Job Creation

It seems to me…

Despite our high rate of unemployment, 300,000 jobs go unfilled largely because many of the unemployed lack the skills needed today as a result of technological progress.”  ~ Kim Campbell.

We have created very few new employment opportunities in the past 20 years whether under Obama, Bush’s malefic tax cuts, or Clinton’s balanced budget and deregulation.  U.S. job gains were matched by job losses resulting in no net gain.  There are certain occupational categories that can not be outsourced: building construction, healthcare, food service…  Technology, another source of employment, has created new companies but overall job creation has been matched by job losses[i].

Economic recovery following the recession of 2000, from 2001 to 2007 under George W. Bush, resulted from job growth primarily in government, health care, and residential real estate while investments in areas that boost productivity and create good jobs simultaneously declined 15 percent as a share of gross domestic product – the recovery was almost entirely from government spending, cheap credit, and the real estate bubble.

The current recovery, while not having created a high number of jobs, is more broad-based and durable.  Business investment has increased 18 percent since the end of 2009.  Manufacturing has increased more rapidly than other sectors adding 334,000 jobs over the past two years.  Exports, which are increasing at an annualized rate of 16 percent, should result in U.S. exports doubling earlier than the 2014 goal President Obama set in 2009.  Labor productivity in the United States is now the highest among G-20 nations with the result that U.S. unit labor costs have dropped more than in any G-20 country except Taiwan.  Due to the recession, costs have dropped making U.S. labor more competitive.  Transport costs have risen, so “insourcing” has become increasingly more sensible.  Growth in natural gas is fueling job growth.  The U.S. government also has been making key investments in infrastructure, training, and research and development resulting in the U.S. becoming a more attractive place for businesses to invest.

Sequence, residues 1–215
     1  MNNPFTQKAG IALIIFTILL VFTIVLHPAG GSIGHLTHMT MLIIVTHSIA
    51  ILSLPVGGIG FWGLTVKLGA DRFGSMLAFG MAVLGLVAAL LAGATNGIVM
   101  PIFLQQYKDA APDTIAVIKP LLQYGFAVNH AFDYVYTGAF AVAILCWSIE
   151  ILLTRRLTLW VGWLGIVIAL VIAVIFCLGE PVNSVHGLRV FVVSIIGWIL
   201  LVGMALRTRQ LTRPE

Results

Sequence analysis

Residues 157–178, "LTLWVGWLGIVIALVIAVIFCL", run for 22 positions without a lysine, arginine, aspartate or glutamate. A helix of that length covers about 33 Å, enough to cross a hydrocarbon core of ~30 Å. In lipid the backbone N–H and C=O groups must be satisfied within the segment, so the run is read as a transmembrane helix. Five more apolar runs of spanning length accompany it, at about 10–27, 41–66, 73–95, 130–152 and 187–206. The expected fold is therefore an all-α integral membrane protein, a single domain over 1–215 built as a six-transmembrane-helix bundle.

It is highly probable that the GOP will nominate Mitt Romney as their Presidential candidate but instead of celebrating Romney’s corporate experience in driving out inefficiency, generating productivity, and creating profitable businesses, other Republican candidates are criticizing him and do not appear to understand the U.S. has a basic problem creating employment opportunities[ii].  The Hamilton Project estimates that even if job creation almost doubles, from last July’s rate of 117,000 per month to the 208,000 jobs experienced monthly throughout 2005, it would still take until 2024 to close the gap opened by the recession.

The winner in this recession has been Germany.  Though in 2008 Germany’s GDP declined more than that of the United States, its unemployment rate quickly recovered.  There are many explanations for German success, but as Elisabeth Jacobs details in a recent Brookings Institution paper[iii], government policies that created incentives for business to think long-term, value their workers, and invest in capacity helped.  The German system gives incentives to train workers and keep them employed.  The U.S. system, in contrast, emphasizes flexibility, the ability to hire and fire, and keep wages low.  Jacobs points out that, in a world filled with cheap labor, rich countries are better off with highly skilled workers, making premium products, with a focus on long-term growth and social stability.  The German system, in other words, might be a better fit for the globalized world.